The best thing about an outdoor music festival may not be the music.
After spending a weekend at Magnolia Fest Midwest, the first ever venture north from Florida for the Magnolia folks, I came to a different realization as to why I keep coming to Bluegrass festivals. The music is always better than expected. Young bands are thrilled to play on Bill Monroe’s stage and show their stuff to the audience and the bluegrass gods who surely must be watching. But there’s a whole different reason why these events are special, and music is just the start.
It’s more like a going to a big outdoor party, yet you don’t go home for three days. You come with friends, and you leave with more. You can walk up to Bela Fleck and say thanks. You can play frisbee with someone across the field who you’ve never met. You don’t have to drive at the end of the night and strangers give you hugs. A stage is a place where music begins and daylight at a campsite is a place where it finally ends – for a few hours anyway.
What’s the best thing about going to a weekend music festival? The music? Sure, that’s part of it, but after you’ve been to one you come to this realization:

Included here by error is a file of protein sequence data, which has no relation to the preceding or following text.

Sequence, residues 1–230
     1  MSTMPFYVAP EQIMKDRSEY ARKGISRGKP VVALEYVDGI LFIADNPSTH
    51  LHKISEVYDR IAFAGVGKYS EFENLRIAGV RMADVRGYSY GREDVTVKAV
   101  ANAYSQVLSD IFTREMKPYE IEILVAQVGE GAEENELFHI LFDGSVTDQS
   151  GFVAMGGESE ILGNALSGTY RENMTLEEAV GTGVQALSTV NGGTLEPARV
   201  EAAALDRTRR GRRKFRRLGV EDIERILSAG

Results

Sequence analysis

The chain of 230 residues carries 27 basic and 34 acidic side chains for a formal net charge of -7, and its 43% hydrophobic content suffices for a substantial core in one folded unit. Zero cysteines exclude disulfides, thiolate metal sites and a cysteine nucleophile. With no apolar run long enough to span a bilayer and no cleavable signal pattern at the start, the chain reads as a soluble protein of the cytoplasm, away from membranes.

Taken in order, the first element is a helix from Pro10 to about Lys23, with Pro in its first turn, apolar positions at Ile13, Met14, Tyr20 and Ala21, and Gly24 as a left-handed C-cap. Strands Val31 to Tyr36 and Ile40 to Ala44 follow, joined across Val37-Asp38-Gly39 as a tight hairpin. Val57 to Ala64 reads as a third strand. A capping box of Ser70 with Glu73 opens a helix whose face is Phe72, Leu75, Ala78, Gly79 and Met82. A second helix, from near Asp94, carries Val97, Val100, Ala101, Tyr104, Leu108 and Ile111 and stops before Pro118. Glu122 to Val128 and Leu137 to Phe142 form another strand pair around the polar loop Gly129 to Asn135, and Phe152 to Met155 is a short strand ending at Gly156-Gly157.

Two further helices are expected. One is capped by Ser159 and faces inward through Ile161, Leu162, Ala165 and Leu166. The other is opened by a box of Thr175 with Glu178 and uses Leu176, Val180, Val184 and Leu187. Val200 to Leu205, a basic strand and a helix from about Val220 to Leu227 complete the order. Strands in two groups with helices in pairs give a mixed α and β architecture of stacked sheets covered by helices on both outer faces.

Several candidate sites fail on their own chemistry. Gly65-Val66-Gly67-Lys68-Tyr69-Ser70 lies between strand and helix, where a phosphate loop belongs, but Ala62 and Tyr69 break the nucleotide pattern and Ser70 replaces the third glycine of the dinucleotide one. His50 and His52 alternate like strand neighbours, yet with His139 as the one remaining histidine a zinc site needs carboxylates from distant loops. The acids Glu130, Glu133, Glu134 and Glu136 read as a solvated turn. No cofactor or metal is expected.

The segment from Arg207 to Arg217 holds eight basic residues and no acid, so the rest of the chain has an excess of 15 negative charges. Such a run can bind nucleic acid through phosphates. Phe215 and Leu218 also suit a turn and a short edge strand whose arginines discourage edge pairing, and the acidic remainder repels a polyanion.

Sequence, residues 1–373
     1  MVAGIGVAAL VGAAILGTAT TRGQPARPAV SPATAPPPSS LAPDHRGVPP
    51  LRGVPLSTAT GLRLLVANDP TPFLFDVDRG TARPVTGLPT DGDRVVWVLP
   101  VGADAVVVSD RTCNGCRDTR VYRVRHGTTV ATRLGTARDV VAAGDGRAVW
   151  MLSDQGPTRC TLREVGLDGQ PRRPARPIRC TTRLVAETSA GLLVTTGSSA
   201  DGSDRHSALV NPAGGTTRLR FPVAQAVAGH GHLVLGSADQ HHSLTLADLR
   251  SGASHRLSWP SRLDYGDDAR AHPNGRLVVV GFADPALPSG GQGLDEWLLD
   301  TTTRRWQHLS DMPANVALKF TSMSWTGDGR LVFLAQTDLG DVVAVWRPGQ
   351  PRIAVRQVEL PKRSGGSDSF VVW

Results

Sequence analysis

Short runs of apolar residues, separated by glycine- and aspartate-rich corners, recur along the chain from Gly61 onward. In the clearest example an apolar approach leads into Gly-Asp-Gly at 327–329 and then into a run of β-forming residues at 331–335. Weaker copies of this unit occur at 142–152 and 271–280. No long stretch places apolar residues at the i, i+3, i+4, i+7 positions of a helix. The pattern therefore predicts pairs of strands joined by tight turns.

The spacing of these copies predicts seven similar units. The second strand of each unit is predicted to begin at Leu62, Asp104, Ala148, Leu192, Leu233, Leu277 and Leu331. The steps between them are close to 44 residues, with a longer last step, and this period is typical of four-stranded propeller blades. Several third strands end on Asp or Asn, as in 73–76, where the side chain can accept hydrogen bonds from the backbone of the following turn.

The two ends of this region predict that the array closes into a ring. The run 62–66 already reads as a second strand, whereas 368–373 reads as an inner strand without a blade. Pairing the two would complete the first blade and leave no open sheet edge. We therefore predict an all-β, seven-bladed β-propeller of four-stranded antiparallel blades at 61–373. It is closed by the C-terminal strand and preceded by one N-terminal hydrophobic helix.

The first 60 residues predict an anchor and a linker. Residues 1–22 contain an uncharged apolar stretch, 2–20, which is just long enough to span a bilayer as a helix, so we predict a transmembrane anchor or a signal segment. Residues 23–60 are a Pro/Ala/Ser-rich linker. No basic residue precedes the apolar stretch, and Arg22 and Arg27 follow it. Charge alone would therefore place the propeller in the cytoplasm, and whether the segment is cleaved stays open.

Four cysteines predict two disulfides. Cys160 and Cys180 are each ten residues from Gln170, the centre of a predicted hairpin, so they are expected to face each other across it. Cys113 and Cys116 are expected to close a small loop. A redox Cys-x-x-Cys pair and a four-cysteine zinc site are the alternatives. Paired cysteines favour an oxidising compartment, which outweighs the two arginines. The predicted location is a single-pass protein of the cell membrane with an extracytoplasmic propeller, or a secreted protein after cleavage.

The music is what convinces you to go to a festival, but it’s the utopia atmosphere that you walk away with, as you realize you can’t stop smiling. If all the evil despots of the world would just come to Bean Blossom just think how things could change. They would see Peter Rowan jump up and play with all the young bands as the hippie twirlers pranced through the grass under the moonlight. I’d nudge them to make sure they notice the smiles on the young faces of the Hot Buttered Rum Band realizing they are playing with their hero and a legend. I’d remind them how special this moment is and how agendas are suddenly irrelevant. Then on the way to an all night jam, I’d buy each one a mircrobrew or some ice cream. Their choice. Are you in?
You’ve heard from me. Now, tell me what you like about festivals